UC Berkeley professor James A. Sethian and PhD student Robert I. Saye worked together on a study titled "Multiscale Modeling of Membrane Rearrangement, Drainage, and Rupture in Evolving Foams" that was recently published in the journal Science. It may sound fancy, and it kind of is — applied mathematics is complex stuff and their work was supported by the Department of Energy, National Science Foundation and National Cancer Institute — but their research dealt entirely with foamy bubbles.
Yep, we're talking about that delightfully frothy stuff you find in bubble baths and cappuccinos. Sethian and Saye were concerned with the way foamy bubble clusters pop and all the lovely physics that's involved. Not so intimidated now, are you?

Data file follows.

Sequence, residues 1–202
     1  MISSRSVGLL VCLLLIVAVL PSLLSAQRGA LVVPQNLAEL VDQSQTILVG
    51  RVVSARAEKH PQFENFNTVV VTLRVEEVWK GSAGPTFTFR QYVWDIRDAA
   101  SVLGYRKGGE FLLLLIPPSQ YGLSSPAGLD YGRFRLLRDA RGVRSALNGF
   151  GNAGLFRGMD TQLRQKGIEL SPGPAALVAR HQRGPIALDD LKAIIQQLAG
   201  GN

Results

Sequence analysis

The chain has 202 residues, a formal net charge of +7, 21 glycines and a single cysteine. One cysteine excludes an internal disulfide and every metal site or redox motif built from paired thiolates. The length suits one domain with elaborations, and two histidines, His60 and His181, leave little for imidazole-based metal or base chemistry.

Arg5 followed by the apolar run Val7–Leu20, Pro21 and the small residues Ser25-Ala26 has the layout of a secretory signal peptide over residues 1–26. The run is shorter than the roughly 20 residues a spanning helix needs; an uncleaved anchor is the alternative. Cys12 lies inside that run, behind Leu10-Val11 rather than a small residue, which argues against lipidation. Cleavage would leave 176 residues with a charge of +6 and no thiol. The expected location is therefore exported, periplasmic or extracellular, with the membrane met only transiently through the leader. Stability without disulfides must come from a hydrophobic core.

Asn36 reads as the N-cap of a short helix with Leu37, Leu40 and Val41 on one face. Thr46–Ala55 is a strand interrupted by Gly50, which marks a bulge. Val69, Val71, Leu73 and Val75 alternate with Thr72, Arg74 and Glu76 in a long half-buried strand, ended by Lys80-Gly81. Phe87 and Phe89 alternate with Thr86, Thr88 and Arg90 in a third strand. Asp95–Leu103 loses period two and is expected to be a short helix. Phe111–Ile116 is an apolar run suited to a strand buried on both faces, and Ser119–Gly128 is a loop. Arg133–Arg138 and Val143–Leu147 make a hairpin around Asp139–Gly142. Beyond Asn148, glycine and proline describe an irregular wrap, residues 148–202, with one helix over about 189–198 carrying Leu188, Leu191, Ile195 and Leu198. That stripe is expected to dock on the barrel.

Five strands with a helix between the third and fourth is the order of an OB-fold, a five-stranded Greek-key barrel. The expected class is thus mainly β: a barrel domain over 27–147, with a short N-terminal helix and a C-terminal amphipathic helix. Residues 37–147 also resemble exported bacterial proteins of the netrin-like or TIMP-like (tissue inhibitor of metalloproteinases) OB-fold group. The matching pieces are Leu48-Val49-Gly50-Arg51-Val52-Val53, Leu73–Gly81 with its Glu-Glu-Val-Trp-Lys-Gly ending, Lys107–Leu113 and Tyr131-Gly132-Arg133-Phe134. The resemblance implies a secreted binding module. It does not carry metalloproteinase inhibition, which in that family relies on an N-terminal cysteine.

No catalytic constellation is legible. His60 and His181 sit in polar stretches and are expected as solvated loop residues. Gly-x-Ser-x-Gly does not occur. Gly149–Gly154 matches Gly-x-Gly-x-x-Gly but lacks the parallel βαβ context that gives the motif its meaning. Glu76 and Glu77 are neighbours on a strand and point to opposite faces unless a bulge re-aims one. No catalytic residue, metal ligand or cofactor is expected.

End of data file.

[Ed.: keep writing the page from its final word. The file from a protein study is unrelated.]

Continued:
It is a lot more complicated than the science behind a single bubble pop, though, and there are all sorts of practical applications for this knowledge. To demonstrate how foamy bubbles pop the team created a kick ass video simulation and explained it below:
"Liquid drains from the bubbles' thin walls until they rupture, after which the remaining bubbles rearrange, often destabilizing other bubbles, which subsequently pop. Note the sunset reflections [they show what a sunset would look like reflected in the bubbles]. The research could help in modeling industrial processes in which liquids mix or in the formation of solid foams such as those used to cushion bicycle helmets."
Scroll down for Sethian and Saye's bubble popping simulation.